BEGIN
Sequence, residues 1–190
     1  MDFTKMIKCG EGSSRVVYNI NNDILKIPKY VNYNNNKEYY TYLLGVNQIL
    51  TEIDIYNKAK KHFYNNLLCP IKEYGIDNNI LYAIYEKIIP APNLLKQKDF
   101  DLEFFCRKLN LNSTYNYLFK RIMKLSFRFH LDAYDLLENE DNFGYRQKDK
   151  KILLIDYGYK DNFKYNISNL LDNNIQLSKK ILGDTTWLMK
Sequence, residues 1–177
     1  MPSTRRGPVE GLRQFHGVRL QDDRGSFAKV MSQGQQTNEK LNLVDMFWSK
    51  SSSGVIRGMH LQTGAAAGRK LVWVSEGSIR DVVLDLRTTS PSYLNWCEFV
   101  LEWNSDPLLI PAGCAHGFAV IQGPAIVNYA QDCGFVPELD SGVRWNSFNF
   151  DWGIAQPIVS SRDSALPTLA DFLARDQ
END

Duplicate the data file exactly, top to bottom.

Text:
Sequence, residues 1–190
     1  MDFTKMIKCG EGSSRVVYNI NNDILKIPKY VNYNNNKEYY TYLLGVNQIL
    51  TEIDIYNKAK KHFYNNLLCP IKEYGIDNNI LYAIYEKIIP APNLLKQKDF
   101  DLEFFCRKLN LNSTYNYLFK RIMKLSFRFH LDAYDLLENE DNFGYRQKDK
   151  KILLIDYGYK DNFKYNISNL LDNNIQLSKK ILGDTTWLMK
Sequence, residues 1–177
     1  MPSTRRGPVE GLRQFHGVRL QDDRGSFAKV MSQGQQTNEK LNLVDMFWSK
    51  SSSGVIRGMH LQTGAAAGRK LVWVSEGSIR DVVLDLRTTS PSYLNWCEFV
   101  LEWNSDPLLI PAGCAHGFAV IQGPAIVNYA QDCGFVPELD SGVRWNSFNF
   151  DWGIAQPIVS SRDSALPTLA DFLARDQ